I

1Oi

"

i:;;!

.j...
!;.,

III
;'
t
.'!!o.-""

!' :\~; 0

.0'

-':

tu',r;
.-2

"

"):1'
r

~ ~'

;~'

Fig, 2.17G-MBH pressurefunction on a 2:1rectangleand equilateraltriangle.

,.;:;~:;:,~:;,.

'

,.

0

:
'

I

iI
!',

I
[

..

ii.

"C;L.L

TABLE

2.5 -APPLICA

30

4.393

40
50

4.398
4.402

72

4,407

TION OF MODIFIED

--15

(ho.;}~rS)~;i)
60

MUSKA T METHOD

4.405

~

19

29

-;,

10
6

14
10

24
20

~

17

I

1

5

15

'e::.

-i;4.408 o;;~~1f;~~=4.422
3

7

thc val'Ic

given

rclatioll...hip

in Table
between

11>..t ~O.I;

ill Table

1.2, this

p~cudosteady-state
the column

J .2. Note
P/)~tmf

now

"Exact

al~o
and

that

for '0/1

linear

begills

is the value

equation

the

IDA

cylindrical

(in

> ").

At

position
now

to

of

boundaries)
are

felt

at

simulate

(depth
in

proximated

Fig.

which
is a solution
to the now
well
producing
from
a closed,

re~ervoir

constant

rate.

a buildup

and

noting
buildup,

Using

rollowing

investigation

the

has

that,

once

the

boundary
can

establish

effects

data

be

provide

ap-

-0.00388

k4//</>IJ.c,~).
~
(2.23)

F
..drainage
.or a~lalysls
of buildup

I

tests,

we

usually

express

t~is

as

)

QBIJ.

118.6kh

0.OO168k111
-</>p.cr2.
, ~

ill tllc

used
..II'lt-ill

2~f) ""(',r;

tllat

this

equation

log<l;

-PI\:f
A

cq'Iatiol1
value
straight
p (thc

p

line

form

tested

be

that
i~ too

ha~ a noticeable

in the time

a~sumed

long,

We

illustrate

now

2.lft.)

in (and

the

only

important
requires

has

to

portion

of

found

to

been
for

with

hydraulically

layers

only

of

different

at the wellbore.

fails.
The
too:
(I)

reasonably

Muskat
it fails

centered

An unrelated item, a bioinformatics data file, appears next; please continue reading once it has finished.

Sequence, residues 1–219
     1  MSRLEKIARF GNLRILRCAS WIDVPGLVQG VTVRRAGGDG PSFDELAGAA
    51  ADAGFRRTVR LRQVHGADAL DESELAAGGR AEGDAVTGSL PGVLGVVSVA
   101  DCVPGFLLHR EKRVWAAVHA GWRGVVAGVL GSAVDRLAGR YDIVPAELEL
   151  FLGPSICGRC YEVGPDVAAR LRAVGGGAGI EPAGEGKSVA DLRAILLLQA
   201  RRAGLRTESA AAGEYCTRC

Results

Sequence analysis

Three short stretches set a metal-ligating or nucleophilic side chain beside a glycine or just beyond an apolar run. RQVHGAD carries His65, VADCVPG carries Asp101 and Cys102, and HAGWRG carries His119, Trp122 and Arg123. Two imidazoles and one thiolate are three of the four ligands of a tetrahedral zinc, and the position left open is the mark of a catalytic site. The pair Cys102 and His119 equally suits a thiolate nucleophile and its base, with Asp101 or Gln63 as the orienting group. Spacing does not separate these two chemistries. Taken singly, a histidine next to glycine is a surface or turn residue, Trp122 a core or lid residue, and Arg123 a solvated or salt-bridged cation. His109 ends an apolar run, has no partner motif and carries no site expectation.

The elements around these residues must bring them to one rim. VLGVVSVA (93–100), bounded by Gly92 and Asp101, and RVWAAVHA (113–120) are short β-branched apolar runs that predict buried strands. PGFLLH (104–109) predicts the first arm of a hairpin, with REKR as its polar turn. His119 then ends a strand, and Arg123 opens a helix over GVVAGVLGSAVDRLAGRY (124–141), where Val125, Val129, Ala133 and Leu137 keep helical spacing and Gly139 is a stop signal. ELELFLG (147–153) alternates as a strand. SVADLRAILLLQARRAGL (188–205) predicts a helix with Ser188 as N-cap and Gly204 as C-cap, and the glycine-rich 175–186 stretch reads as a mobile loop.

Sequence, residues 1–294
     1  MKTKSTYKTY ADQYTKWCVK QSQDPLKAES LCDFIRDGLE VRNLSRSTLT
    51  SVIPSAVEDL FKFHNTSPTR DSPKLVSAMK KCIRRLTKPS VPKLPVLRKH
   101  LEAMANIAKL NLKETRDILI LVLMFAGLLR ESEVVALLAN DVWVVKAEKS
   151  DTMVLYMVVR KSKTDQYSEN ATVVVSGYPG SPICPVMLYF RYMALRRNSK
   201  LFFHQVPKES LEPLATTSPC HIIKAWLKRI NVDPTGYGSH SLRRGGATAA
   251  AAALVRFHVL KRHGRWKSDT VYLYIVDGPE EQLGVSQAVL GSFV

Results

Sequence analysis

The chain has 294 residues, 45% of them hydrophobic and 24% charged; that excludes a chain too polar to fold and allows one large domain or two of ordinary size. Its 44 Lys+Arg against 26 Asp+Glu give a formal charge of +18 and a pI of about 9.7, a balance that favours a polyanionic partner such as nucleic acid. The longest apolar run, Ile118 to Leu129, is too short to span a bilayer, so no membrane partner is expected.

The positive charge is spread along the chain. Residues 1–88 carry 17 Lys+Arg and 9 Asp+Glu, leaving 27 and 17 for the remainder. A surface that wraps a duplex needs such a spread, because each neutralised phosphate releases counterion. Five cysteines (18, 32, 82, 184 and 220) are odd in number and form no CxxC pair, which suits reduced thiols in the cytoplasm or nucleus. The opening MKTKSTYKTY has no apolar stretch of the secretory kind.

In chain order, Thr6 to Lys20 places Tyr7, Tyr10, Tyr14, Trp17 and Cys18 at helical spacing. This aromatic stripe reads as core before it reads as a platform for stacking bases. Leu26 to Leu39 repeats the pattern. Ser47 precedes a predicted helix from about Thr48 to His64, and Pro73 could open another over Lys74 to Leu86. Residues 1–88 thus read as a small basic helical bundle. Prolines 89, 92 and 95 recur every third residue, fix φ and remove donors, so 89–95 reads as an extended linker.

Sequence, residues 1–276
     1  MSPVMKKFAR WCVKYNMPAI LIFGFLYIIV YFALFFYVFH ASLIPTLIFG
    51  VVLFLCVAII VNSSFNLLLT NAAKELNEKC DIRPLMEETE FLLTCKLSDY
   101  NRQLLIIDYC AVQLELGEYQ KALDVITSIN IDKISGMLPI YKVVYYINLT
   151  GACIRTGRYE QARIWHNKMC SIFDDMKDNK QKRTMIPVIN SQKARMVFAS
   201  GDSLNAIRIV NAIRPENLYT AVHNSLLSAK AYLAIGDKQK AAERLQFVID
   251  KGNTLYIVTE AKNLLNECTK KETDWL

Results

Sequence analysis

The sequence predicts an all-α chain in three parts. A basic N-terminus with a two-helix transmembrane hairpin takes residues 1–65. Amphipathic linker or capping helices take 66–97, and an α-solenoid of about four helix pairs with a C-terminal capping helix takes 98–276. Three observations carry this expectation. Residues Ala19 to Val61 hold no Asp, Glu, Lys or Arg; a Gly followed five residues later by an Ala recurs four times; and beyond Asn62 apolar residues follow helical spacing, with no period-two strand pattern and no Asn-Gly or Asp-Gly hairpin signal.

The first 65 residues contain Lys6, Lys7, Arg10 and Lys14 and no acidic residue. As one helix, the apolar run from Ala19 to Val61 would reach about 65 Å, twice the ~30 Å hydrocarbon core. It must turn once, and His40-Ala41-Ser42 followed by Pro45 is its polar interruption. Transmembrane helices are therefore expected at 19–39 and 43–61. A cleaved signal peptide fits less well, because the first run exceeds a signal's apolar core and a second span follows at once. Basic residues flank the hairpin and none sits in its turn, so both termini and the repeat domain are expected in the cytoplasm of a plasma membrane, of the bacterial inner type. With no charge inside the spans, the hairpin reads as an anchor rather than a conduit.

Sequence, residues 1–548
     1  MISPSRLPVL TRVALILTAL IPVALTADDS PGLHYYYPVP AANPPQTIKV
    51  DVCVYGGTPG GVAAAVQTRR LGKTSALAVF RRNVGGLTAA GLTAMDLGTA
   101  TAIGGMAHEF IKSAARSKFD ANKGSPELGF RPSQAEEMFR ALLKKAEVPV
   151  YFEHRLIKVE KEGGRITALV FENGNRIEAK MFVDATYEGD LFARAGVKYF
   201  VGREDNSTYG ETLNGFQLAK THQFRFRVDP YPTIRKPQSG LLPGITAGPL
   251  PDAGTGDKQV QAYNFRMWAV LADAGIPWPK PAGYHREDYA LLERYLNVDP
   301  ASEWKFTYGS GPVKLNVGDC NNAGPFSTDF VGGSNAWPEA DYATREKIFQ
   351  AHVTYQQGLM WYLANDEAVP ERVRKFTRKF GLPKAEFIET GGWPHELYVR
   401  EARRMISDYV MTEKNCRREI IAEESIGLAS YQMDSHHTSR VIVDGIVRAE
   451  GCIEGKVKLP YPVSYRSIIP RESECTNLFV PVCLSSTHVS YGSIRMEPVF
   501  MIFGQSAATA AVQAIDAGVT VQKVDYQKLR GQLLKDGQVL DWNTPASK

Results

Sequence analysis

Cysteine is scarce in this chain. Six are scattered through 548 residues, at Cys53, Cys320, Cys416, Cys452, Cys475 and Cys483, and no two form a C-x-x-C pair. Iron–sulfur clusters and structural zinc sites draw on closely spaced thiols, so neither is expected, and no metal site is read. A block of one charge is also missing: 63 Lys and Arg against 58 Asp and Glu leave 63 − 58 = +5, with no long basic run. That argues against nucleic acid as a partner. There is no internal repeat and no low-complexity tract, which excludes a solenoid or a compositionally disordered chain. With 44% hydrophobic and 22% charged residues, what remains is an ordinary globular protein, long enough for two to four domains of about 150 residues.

drainage
area
in
derivation

required

shut-in

times

are

frequently

this

in

method

in its

need
of

</>Jl.C,r;)/k
particularly

no

it is used

of

not
this
(250
im-

low-permeability

with

an example.

2.

assume

a

Solution.

a

method

value

of

well)
in-

outside

of

we do

value

have

vs.

for data

not

To

well's

Ca/cli/a/e

in Drainage

Consider
2.2 and

the
2.3.

A rea

buildup

test

Estimate

drainage

area

described

the average
by

using

in

presStire

the

modified

method.
The

data

are those

the

of

time

not have

limit

that

the

can

in the range

</>IJ.C
,r;)/k.

estimates

slightly

Modified

Pressure

111 = (750

tested

7-

In this
k and

range
these

r~,
of

complicales

(250

by

to

fortunate

to

Often,

-a

trial-and-error

data

of course,

situation

method,

this

</>IJ.c,r;)/k

so we can eliminate

interest.
of the

the

examined

case we are

estimates

applicability

be
6./=

that

does

but one
nature

lhat

of the

calculations.-Here.
750 4tIJ.C,r~
k'

~11/~

value

the

method

curvature

(750

Me/hod

Muskat

111 until

-PII'f)

(2) the

practically
reservoirs.

the

assumed

well

to

of the

of log(jj

downward

of

p that

noticeable
upward
curvature
l11e correct
assumed
value
litlC

An

a plot

of

range

2S0 4>#(clr~
--~

An

the correct

with